In recognition of FQXi of Doomsday week, suppose the world ended tomorrow. In particular, suppose that, as discussed in Kate Becker's fun article, we live in a 'false vacuum', that can decay to a lower energy state. The decay would take the form of a bubble of 'true' vacuum that grows at the speed of light, smashing into us with enormous energy without warning, annihilating everything we hold...
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In recognition of FQXi of Doomsday week, suppose the world ended tomorrow. In particular, suppose that, as discussed in Kate Becker's fun article
, we live in a 'false vacuum', that can decay to a lower energy state. The decay would take the form of a bubble of 'true' vacuum that grows at the speed of light, smashing into us with enormous energy without warning, annihilating everything we hold dear (even, perhaps, our beloved local laws of physics). Seems pretty noticeable.
But bubble formation is a quantum process, and we should think about what this means. Suppose we take a big region including both us and the bubble's formation location, and describe it as a quantum system with some set of states, interacting with its environment. When 'the bubble nucleates', it is something like a quantum measurement, and we can say that our quantum system is in a state containing something like a decohered superposition of our region with the bubble, and our region without the bubble. What we would mean by 'the bubble hits us' is that we find that we are in the branch of the wavefunction in which the bubble has, indeed, formed. But (unless we adhere to an interpretation in quantum mechanics in which the usual Schrodinger equation is actually violated), the other branch is still there too, at least mathematically.
Now suppose we adhere to the 'Many Worlds' interpretation, in which there is some sense in which both branches are supposed to be 'equally real'. I then must think of something like an ensemble of equally-real Anthonys, some of which get smashed by bubbles and some of which do not. And with each of these is a corresponding reader (you) that either gets smashed or not, perhaps a fraction of a second earlier or later. Now again I ask the question: if the world ends tomorrow, would you notice? Unless there is some aspect of awareness completely independent of your instantly-incinerated physical body, I can see no sensible meaning to 'you notice the bubble destroying you.' On the other hand, there are plenty of copies of you in the ensemble -- those with no bubble -- that go merrily along with their lives. Presumably the day after tomorrow 'you' are simply one of those, and 'I' am one of the corresponding surviving Anthonys. In short, how could we say with any confidence that we do *not* live in an unstable false vacuum? (An attempt to answer this using statistical arguments concerning what the 'survivors' would see was given by Max and Nick Bostrom in this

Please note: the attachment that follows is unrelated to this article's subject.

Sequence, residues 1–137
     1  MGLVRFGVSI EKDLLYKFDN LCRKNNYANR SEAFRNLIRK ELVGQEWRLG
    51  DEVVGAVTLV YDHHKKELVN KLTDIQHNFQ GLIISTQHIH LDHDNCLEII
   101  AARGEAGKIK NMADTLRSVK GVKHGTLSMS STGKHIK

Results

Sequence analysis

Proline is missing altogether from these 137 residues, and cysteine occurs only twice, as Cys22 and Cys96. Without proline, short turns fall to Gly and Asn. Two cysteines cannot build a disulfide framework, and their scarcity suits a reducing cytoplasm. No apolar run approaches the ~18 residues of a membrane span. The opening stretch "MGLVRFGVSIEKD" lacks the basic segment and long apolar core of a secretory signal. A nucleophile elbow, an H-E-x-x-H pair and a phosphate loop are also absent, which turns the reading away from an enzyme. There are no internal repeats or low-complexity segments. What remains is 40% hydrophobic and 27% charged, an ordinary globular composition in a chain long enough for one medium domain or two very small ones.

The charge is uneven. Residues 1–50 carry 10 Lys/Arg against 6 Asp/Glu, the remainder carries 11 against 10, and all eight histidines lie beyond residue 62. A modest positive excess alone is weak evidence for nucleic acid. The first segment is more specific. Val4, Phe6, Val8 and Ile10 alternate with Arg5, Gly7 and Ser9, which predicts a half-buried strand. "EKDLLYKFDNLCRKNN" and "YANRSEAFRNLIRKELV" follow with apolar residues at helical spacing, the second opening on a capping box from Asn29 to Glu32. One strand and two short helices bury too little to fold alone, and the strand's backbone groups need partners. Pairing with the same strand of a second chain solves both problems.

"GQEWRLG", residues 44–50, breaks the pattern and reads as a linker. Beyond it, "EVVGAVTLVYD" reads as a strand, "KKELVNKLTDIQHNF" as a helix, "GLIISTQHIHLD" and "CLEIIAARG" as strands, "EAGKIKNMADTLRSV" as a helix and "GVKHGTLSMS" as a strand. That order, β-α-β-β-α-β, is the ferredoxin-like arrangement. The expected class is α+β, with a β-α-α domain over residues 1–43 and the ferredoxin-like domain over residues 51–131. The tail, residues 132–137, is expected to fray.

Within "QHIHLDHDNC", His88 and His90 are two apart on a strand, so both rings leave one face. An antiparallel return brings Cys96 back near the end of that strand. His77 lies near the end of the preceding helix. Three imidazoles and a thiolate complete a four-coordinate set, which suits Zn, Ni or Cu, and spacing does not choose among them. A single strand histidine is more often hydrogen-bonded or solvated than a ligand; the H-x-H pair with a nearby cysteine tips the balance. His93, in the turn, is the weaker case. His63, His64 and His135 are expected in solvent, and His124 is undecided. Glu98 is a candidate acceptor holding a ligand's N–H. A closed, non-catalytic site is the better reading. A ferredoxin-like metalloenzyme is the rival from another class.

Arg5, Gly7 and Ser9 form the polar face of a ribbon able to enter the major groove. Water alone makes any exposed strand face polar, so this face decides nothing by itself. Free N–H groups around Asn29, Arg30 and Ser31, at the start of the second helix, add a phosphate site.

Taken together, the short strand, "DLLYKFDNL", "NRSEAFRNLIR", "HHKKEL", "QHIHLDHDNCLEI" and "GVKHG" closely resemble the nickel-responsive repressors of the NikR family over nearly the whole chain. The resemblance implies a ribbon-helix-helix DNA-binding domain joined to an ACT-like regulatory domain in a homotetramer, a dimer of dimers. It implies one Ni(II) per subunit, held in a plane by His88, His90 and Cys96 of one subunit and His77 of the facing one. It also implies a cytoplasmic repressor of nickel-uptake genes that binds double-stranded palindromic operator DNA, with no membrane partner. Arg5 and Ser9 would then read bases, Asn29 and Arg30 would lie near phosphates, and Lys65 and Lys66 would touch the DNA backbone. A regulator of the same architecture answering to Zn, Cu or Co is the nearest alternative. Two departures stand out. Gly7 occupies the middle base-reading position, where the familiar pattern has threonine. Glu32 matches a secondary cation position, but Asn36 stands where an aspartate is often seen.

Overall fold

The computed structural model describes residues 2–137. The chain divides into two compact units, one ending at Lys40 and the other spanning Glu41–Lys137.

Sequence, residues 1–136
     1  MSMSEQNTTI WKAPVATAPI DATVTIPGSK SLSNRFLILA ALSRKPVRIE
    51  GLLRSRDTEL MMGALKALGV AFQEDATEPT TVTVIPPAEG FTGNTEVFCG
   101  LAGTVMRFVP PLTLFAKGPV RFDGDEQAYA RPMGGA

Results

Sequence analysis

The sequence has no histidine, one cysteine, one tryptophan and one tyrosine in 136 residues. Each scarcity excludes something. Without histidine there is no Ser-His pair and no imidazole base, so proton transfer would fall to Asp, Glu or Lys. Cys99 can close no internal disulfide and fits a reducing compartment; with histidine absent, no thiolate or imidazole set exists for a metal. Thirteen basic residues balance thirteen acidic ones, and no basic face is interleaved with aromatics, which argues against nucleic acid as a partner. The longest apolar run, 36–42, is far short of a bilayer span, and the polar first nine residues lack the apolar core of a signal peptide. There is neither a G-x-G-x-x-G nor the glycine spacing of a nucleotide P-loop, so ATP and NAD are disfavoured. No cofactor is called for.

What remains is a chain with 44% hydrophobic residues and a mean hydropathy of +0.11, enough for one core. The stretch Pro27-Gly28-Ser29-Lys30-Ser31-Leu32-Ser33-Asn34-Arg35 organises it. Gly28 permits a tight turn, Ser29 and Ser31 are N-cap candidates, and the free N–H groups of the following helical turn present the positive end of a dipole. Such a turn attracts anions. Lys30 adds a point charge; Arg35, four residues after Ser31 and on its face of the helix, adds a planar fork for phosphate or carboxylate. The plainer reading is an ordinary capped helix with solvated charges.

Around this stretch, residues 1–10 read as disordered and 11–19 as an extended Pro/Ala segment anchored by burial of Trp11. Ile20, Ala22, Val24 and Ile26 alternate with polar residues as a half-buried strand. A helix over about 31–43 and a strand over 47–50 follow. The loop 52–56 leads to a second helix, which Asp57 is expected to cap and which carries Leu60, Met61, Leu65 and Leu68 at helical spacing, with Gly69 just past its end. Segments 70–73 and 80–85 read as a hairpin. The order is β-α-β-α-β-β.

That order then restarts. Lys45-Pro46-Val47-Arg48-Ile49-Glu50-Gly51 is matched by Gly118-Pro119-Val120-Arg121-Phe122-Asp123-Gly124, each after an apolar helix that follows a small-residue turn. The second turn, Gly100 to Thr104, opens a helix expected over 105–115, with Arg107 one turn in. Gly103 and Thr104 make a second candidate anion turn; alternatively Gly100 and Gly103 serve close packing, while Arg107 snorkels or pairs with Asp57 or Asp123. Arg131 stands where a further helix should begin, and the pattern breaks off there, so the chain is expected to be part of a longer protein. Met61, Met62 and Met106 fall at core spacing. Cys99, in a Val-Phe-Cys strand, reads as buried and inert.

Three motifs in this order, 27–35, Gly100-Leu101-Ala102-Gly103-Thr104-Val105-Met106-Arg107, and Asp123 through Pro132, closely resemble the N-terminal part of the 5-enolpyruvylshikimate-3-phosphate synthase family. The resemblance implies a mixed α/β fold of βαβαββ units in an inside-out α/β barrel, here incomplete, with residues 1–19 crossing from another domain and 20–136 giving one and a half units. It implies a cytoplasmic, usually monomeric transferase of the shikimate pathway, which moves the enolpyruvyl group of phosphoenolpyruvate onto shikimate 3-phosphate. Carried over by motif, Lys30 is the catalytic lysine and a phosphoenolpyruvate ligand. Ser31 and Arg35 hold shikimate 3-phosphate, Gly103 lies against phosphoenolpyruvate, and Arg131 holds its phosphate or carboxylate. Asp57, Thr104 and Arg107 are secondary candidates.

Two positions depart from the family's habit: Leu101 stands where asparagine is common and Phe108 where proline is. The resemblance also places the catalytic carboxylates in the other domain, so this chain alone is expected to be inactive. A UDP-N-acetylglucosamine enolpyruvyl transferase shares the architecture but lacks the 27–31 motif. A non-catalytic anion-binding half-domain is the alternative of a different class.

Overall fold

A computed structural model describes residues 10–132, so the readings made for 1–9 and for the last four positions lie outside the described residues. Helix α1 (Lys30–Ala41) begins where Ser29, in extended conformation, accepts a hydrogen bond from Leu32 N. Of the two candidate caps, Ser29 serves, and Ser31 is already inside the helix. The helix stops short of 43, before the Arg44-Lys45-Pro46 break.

paper, check it out.)
This "quantum immortality" line of thought (which I first realized some time ago after reading Mad Max's quantum suicide paper, though I'm sure I was not the first to realize) is disturbing enough that it is natural to wonder which one of its assumptions we can most easily discard. You might choose to believe that you have a non-corporeal -- and hence bubble-proof -- immortal soul that can nonetheless meaningfully notice that you have died. This might be fun to believe but I have not had much luck doing so myself. More obviously, you might choose to throw out the Many Worlds interpretation (which you my have already thought was nuts, and this just confirms it). But consider this: suppose the Universe is infinite, which is all the rage in inflationary cosmology and in any case seems a plausible cosmological possibility. Then it seems that we can define an (infinite) ensemble of regions that are identical except for the nucleation or non-nucleation of a bubble. In fact, I'm pretty sure -- as Max & I recently convinced ourselves -- that an ensemble can be defined that is *exactly* equivalent to the quantum mechanical one describing an individual system in the Many World interpretation. Thus even if you think a single measurement in some particular place has just one outcome, the net effect (in an infinite universe) precisely echoes what happen in Many Worlds: "cosmological immortality".
And you didn't notice that the world ended as you read that last sentence.
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